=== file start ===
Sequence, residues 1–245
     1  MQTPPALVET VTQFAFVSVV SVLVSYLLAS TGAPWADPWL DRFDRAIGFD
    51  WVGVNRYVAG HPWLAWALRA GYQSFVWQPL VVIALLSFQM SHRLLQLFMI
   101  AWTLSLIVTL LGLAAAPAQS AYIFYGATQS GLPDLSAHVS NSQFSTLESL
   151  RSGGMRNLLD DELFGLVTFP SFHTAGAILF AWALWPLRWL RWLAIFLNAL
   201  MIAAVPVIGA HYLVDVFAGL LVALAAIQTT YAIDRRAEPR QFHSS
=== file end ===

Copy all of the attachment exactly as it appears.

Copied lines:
Sequence, residues 1–245
     1  MQTPPALVET VTQFAFVSVV SVLVSYLLAS TGAPWADPWL DRFDRAIGFD
    51  WVGVNRYVAG HPWLAWALRA GYQSFVWQPL VVIALLSFQM SHRLLQLFMI
   101  AWTLSLIVTL LGLAAAPAQS AYIFYGATQS GLPDLSAHVS NSQFSTLESL
   151  RSGGMRNLLD DELFGLVTFP SFHTAGAILF AWALWPLRWL RWLAIFLNAL
   201  MIAAVPVIGA HYLVDVFAGL LVALAAIQTT YAIDRRAEPR QFHSS